What Conservatives Were For

A new book has come my way that reproduces in one of its appendices a table of conservative and liberal credenda from James Burnham's 1959 work Congress and the American Tradition. Take a look at Burnham's last two items:

12. Conservatives hold that the private life of the individual, as opposed to the destiny of the nation or of society, should be the focus of metaphysical, moral, and practical interest.

12. Liberals feel that an expanding sphere of government invovlement — in social and cultural life as well as in the economy — results in the best mode of life for people. Thus, expansion of governmet activity aids in the attainment of a good life.

13. Conservatives favor Congress over the executive branch of the government.

13. Liberals favor the executive branch, with its administrative bureaucracy, over Congress

Even at the time, quite a few conservatives would have objected, and surely did, to the wording of point 12, but Burnham — who was no libertarian himself, not by a long shot — was being descriptive, and the conservatives of the late '50s retained a good deal of the anti-statist flavor of the Old Right. "Individualist," understood in opposition to "collectivist," was still the self-designation of choice for many on the Right. It was what Bill Buckley called himself, and the principle youth arm of the nascent conservative movement was the Intercollegiate Society of Individualists (now called the Intercollegiate Studies Institute).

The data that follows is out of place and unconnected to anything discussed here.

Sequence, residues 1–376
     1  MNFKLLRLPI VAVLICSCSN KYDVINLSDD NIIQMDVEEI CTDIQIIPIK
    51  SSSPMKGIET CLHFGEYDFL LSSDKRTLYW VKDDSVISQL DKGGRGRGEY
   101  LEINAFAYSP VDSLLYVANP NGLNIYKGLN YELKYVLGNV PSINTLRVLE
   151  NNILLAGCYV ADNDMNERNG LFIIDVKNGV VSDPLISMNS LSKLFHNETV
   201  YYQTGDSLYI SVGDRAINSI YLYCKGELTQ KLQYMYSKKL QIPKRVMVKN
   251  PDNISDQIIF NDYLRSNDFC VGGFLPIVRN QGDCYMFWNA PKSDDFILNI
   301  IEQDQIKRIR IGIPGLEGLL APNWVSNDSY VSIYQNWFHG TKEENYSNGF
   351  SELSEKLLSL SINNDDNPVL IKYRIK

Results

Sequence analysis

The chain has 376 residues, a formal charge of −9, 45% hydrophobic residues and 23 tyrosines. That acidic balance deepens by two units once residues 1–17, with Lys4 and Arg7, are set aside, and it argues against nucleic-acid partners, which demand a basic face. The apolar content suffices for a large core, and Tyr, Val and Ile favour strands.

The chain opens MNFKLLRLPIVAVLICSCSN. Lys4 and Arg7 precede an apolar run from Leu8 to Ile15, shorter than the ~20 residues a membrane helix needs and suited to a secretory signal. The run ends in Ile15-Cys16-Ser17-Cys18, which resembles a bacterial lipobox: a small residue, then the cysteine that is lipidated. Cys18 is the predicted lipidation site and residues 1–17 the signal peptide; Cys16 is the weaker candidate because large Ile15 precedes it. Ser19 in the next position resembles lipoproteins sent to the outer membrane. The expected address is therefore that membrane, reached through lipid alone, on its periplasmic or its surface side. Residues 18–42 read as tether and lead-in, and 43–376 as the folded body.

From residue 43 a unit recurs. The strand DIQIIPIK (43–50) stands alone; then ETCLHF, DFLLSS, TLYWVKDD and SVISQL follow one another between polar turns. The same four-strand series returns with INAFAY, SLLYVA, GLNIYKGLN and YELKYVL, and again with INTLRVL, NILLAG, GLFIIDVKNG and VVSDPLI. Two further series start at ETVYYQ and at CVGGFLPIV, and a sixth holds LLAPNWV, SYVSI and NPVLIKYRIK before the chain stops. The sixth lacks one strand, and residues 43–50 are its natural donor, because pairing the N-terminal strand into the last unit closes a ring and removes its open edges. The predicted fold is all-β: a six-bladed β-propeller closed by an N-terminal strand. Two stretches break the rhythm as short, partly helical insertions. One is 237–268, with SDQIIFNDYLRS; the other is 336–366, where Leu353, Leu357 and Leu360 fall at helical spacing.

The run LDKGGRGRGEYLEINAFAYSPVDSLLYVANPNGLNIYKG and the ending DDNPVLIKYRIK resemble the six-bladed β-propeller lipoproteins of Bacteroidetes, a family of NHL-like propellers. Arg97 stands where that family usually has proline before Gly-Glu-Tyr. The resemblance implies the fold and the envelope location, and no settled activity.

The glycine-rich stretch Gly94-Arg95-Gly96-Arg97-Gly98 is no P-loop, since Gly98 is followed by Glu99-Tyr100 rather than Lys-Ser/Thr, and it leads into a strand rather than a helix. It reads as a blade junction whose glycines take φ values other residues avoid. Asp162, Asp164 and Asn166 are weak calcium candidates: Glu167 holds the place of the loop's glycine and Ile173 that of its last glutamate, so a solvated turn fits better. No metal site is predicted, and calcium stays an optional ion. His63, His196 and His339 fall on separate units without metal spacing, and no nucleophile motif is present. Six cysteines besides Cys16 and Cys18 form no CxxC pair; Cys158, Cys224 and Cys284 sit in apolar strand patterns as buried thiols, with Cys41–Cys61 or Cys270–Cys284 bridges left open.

Hardly anyone could object to item 13 — the roots of modern conservatism lay in opposition to FDR's presidency, and committed conservatives remained enemies of executive power even with Eisenhower in the White House. National Review began, in part, as an organ for conservative opposition to Ike and did not endorse him for re-election (though it didn't endorse anyone else either — even then, NR liked to equivocate). And of course the John Birch Society warned of Communist infiltration of the executive branch — JBS founder Robert Welch suggested that Eisenhower was a conscious agent of the Communist conspiracy — and counted a few congressmen among its members. At almost all levels, from the most respectable insiders to the periphery, there was profound suspicion among conservatives toward the president and executive branch.


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